For my class we are reading an article, “Bias in Historical Description, Interpretation, and Explanation” by C. Behan Mccullagh. The article appeared in the February 2000 issue of History & Theory. In it Mccullagh puts forth that there are fours ways that written history can be biased.
The first, is that sometimes we just simply misinterpret the evidence. Now I had thought about using an example of the weatherman screwing up a weather forecast, but since we are usually more accurate so I don’t think that it is a good analogy. Truth is that sometimes we just “blow it”. We thought that events happened a certain way or for a certain reason, but we were completely off base. Chalk it up to human error.
Second, we can be “unbalanced” in our account. This is where we talk up the good and ignore the bad. Talking about George Washington or Thomas Jefferson and forgetting to mention that they owned slaves for example. Now lets think about this: can not the reverse also be true? Writing all about a person’s vices or the evil side of someone without presenting a balanced picture.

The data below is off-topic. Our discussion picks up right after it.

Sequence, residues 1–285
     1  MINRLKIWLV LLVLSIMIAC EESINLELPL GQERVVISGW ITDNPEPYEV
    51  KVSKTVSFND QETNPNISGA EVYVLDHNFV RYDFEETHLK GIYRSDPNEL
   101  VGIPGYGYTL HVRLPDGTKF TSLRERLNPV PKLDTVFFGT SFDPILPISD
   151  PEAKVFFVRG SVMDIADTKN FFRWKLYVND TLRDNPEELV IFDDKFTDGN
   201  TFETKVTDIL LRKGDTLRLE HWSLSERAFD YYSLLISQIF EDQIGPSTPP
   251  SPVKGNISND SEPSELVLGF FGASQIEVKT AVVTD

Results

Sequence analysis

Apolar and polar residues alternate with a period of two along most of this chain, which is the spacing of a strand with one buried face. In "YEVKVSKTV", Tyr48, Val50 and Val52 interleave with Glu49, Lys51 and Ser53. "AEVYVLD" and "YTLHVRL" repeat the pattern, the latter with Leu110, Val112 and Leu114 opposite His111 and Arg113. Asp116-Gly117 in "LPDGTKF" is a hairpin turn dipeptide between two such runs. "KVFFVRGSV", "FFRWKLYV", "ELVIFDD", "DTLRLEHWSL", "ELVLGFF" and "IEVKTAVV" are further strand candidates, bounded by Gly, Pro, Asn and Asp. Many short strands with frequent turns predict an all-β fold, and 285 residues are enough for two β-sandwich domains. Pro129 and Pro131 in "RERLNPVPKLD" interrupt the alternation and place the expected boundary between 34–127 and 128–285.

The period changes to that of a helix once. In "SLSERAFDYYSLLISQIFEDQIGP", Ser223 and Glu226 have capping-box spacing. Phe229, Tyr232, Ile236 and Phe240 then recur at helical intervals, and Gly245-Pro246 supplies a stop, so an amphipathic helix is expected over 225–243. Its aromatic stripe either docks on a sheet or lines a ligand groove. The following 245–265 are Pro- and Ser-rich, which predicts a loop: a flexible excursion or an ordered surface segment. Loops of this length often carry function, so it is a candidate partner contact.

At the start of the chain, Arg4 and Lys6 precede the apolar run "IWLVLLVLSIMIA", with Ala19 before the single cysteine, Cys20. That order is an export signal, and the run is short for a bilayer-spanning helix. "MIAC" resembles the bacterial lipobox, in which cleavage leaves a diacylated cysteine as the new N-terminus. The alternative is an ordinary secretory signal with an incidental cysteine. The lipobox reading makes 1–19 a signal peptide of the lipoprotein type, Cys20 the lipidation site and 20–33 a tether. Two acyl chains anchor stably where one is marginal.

A little more malicious (in my opinion) is our third way; that is when an historian puts forth false facts (wow what alliteration). This would be an argument or description where an examination of the facts do not support it. It would seem here the historian is purposefully ignoring evidence.
Last, is a historical explanation that does not cover all the causes. In my mind this is similar to a survey textbook where the reader gets a small, mostly inaccurate picture because the text by its very nature cannot cover all the angles as it were. This would seem to be directly related to the size and scope of the work, but an inaccurate picture is painted.
So as we read history let us keep an eye out for these potential issues: both in our personal studies as well as in our written work.